Fiji's election: More to do to restore democracy

After eight years of Voreqe Bainimarama's military rule in Fiji, there is much excitement about the prospects for Fiji's return to democracy with elections next week. Seven parties and one independent candidate will contest 50 parliamentary seats. 591,095 Fijians have registered to vote; 120,000

Fiji's election: Fair and free?

On 17 September, Fiji goes to the polls for the first time in eight years. This is a notable step forward given that, when I spoke to people in Suva a year ago, they were still phrasing things in terms of 'IF the election happens'. With the first pre-polling stations having opened a few days ago,

Abbott's first year: Nowhere to be seen in the Pacific

People who laud Tony Abbott's surefooted foreign policy never mention his role in the Pacific islands. It's hardly surprising. Following the precedent set by John Howard, the Prime Minister has not shown much interest in Australia's closest neighbours. Abbott couldn't even spare a day to attend

How Fiji outsmarted Australia

Last Friday Fijian Interim Prime Minister Frank Bainimarama began his first visit to Australia since taking power in 2006. In response to the 2006 coup, Canberra had imposed travel bans for all members of the Fijian government. These were abandoned earlier this year by the Abbott Government.

Radio Australia cuts hurt the Pacific and Australia

Pacific Island leaders will meet at the annual Pacific Islands Forum meeting next week in Palau. Prime Minister Abbott has cancelled his travel plans in order to focus on the response to the MH17 disaster and is sending Deputy Prime Minister Truss in his stead. Pacific leaders will be disappointed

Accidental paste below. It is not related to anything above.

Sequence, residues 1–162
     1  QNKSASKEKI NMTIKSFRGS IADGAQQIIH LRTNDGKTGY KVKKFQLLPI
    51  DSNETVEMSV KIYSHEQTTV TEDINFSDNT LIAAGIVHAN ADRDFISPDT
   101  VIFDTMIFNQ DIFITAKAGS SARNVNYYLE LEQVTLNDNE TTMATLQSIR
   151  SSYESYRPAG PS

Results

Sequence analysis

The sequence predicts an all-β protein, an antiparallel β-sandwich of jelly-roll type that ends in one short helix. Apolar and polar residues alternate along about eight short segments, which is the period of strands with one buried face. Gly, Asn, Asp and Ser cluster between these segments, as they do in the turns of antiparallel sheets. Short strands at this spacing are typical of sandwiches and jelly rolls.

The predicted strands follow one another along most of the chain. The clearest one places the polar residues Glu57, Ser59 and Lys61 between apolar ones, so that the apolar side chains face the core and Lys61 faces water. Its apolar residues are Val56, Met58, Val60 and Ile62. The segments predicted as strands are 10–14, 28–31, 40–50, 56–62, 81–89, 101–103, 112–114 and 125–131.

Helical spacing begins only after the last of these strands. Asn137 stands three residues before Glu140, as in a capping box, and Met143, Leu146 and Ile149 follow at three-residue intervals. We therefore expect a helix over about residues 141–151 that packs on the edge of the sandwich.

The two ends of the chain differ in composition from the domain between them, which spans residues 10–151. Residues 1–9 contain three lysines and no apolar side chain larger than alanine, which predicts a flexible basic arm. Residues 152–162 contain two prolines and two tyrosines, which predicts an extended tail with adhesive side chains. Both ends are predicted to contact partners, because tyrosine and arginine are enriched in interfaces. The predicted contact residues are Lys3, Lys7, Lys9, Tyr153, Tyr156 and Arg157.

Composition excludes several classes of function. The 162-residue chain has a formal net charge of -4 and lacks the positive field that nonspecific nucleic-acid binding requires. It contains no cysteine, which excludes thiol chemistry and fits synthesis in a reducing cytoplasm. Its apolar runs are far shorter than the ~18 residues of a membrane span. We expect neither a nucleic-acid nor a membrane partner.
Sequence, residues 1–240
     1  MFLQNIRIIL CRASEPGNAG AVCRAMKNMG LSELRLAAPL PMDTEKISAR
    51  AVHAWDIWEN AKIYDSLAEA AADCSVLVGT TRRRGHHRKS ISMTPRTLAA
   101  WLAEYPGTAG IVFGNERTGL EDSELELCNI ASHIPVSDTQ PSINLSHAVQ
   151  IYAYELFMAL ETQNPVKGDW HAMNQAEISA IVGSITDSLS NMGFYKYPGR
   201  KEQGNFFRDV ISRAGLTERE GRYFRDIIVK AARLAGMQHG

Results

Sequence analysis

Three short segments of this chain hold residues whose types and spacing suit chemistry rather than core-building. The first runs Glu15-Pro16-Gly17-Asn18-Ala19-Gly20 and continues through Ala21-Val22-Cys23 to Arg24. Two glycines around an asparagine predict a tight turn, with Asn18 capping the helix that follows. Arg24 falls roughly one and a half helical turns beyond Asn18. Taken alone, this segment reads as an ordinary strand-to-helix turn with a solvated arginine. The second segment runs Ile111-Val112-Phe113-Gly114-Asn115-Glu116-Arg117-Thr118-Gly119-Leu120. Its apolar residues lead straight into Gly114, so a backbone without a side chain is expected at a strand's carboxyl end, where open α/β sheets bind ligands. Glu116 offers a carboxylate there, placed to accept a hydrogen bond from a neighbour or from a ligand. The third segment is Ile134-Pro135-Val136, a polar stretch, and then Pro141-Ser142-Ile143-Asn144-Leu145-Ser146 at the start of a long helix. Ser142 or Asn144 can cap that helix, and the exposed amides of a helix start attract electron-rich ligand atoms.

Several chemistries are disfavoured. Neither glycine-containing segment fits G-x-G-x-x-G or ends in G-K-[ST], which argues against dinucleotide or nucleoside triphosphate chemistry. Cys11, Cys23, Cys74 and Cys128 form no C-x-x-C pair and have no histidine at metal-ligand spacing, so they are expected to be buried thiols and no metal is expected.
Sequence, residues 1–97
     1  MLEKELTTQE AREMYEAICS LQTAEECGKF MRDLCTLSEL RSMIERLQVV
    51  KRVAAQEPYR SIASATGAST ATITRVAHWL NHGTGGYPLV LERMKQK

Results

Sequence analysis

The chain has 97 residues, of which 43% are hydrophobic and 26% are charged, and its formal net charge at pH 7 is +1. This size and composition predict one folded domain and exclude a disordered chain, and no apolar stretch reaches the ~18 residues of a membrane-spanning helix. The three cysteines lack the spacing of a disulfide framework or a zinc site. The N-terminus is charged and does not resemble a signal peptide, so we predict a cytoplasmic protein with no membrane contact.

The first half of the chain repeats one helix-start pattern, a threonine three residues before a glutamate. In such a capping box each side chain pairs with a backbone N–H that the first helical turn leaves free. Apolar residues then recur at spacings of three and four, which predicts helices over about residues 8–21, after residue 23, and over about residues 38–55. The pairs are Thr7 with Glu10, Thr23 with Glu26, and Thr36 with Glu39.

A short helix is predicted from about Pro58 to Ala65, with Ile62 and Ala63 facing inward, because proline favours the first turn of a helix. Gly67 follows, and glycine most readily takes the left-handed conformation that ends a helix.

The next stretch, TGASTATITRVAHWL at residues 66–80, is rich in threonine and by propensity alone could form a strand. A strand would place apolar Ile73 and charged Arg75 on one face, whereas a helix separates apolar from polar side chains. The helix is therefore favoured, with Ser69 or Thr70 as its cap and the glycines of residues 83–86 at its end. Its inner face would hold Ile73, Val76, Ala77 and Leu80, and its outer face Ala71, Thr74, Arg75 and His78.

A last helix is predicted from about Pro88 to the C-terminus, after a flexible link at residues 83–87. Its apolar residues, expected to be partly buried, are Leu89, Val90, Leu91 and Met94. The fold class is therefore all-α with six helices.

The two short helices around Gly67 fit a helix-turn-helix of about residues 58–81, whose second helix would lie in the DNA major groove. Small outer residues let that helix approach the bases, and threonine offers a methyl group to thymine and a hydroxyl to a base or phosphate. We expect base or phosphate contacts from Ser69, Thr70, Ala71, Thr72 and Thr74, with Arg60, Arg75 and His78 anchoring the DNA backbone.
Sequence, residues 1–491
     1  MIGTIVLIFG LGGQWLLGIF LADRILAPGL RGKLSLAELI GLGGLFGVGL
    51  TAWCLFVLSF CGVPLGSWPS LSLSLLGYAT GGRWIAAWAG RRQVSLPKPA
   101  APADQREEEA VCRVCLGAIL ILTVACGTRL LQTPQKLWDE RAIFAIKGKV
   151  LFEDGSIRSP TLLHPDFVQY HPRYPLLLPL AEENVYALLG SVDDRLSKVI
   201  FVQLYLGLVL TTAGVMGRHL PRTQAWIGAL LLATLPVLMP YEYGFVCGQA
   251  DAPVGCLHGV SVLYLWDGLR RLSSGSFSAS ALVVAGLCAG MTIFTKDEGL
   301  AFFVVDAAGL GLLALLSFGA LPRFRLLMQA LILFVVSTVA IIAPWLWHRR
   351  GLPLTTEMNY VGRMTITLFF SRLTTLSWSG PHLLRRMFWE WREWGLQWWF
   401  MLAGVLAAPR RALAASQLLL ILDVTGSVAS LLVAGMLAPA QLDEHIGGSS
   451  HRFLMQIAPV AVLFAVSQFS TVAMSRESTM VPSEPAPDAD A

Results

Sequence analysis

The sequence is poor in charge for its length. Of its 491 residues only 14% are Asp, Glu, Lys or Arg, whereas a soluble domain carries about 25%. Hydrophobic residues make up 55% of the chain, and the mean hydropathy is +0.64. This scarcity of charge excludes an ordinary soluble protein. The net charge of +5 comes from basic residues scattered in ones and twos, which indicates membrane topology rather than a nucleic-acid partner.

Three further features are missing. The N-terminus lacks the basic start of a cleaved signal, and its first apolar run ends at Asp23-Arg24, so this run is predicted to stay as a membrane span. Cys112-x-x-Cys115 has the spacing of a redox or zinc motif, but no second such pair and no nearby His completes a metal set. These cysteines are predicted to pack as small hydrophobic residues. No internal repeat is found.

Solomon Islands: Was RAMSI worth it?

Tobias Haque and Doug Porter have worked on Solomon Islands for the past several years. The views expressed here are those of the authors and not necessarily those of their employers . Jenny Hayward-Jones' recent paper (Australia's Costly Investment in Solomon Islands) suggests

Deafening silence on rule of law in Nauru

The status of the rule of law in Nauru became even more precarious with the recent resignation of Nauru's Chief Justice, Australian Geoffrey Eames. After two months of seeking to have the withdrawal of his visa by the Nauruan Government overturned, he now says his position is untenable. This week

Australia-Fiji relations: Bishop's game-changer

Australian Foreign Minister Julie Bishop sprang a surprise on Australia's Fiji watchers last Friday. She not only pulled off what looked like a friendly meeting with Fiji's authoritarian prime minister but also revealed she would soon be normalising relations with Fiji, officially in the freezer

Julie Bishop focuses on PNG's women

On her first visit to Papua New Guinea as Australian foreign minister, Julie Bishop has reconfirmed the high priority the Australia-Papua New Guinea relationship has for Australian foreign policy and declared her deep affection for the country.  A frequent visitor to PNG as shadow minister,